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Saturday, July 25, 2009

Ayaz Amir, Pepe Escobar, Amartya Sen, Harris Khalique

The greatest responsibility for moving on lies with the National Assembly, a task it has somehow shirked up till now. If PM Gilani is now in a mood to become more active and take his responsibilities more seriously it is high time he did so. The cabinet is oversized and needs to be cut. Only such a step will send the nation a signal that the government is at last getting serious. Reconciliation is a good concept but if it means trying to please everyone all the time it is little better than a watchword for doing nothing. Why do people look up to Justice Chaudhry and the Supreme Court? Because parliament and cabinet are yet to prove their effectiveness. Ayaz Amir

HONG KONG - Does it make sense to talk about a Beijing-Tehran axis? Apparently no, when one learns that Iran's application to become a full member of the Shanghai Cooperation Organization (SCO) was flatly denied at the 2008 summit in Tajikistan. Apparently yes, when one sees how the military dictatorship of the mullahtariat in Tehran and the collective leadership in Beijing have dealt with their recent turmoil - the "green revolution" in Tehran and the Uighur riots in Urumqi - reawakening in the West the ghostly mythology of "Asian despotism". NEW GREAT GAME REVISITED, Part 2Iran, China and the New Silk Road By Pepe Escobar

Part 1: Iran and Russia, scorpions in a bottle

The Idea of Justice is billed as Amartya Sen's most ambitious book yet. This is quite a claim for a man whose publications on famine are acknowledged as having changed global perceptions on poverty and food production, and whose work on welfare economics significantly contributed to the United Nations' Human Development Index. He has been garlanded with honours, including the Nobel Prize for Economics in 1998. So celebrated is he as a thinker and academic that, asked what Sen does at weekends, his publisher replied, "he collects honorary degrees". The thinker: Inside the mind of prized intellectual Amartya Sen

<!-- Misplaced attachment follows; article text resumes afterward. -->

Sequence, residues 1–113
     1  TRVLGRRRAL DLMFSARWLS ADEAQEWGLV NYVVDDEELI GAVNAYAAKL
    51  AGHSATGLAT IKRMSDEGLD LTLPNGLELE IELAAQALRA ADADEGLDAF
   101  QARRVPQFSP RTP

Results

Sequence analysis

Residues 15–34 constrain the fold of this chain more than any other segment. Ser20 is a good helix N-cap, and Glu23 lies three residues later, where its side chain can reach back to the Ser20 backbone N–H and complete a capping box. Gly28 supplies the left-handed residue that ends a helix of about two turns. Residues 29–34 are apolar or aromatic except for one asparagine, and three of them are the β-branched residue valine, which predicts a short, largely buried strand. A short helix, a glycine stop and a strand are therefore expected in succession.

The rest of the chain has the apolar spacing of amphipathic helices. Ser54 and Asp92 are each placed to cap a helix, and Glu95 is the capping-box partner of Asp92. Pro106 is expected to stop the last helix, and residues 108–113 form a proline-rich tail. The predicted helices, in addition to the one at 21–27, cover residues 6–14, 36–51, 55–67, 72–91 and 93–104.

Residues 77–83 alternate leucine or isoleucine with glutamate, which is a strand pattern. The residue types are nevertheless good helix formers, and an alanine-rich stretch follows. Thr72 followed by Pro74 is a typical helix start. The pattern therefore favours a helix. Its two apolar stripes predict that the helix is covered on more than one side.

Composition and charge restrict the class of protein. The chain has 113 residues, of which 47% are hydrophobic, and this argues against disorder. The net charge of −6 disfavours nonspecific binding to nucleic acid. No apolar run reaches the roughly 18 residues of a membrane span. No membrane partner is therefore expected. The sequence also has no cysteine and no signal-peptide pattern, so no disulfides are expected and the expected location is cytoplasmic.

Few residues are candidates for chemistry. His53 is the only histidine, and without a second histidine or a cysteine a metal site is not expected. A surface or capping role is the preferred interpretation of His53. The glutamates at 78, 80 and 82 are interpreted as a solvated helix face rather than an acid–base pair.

The textile industry contributes most significantly to the country's GDP, from eight to nine per cent, and significantly to our export as well as generating employment for millions of people. Pakistan being an agrarian economy, the only agro-based industry where value addition makes us proud as a nation to some extent is textile. It is undoubtedly the backbone of our exports. While we continue to export raw cotton, the country has an accumulated spinning capacity of 1,550 million kilos of yarn, weaving capacity of approximately 4,500 million square-metres of fabric and finishing capacity of 4,000 million square-metres. We produce 670 million units of garments, 400 million units of knitwear and more than 50 million kilos of towel. In 2007, we had more than 1,200 units of ginning, about 450 units for spinning, 124 large weaving units and 425 small units. With more than 20,600 power looms, there are 10 large finishing units and 625 small units. Garment manufacturing units are 50 large and 2,500 small. Knitwear-producing units are 600 and towel is produced in 400 units. I am quoting figures just to emphasise the point that it is a huge industry and contributes to 60 per cent of the country's total exports bringing us more than five billion dollars every year. Harris Khalique


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